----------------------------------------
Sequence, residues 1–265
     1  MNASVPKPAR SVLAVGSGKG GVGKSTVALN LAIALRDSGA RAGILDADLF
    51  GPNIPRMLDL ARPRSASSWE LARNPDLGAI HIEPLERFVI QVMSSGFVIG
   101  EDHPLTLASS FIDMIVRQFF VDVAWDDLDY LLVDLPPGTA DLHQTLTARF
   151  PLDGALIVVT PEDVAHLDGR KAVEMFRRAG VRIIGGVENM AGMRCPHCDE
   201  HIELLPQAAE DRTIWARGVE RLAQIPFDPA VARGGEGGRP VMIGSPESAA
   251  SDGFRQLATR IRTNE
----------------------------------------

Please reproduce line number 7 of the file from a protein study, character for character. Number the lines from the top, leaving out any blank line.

   251  SDGFRQLATR IRTNE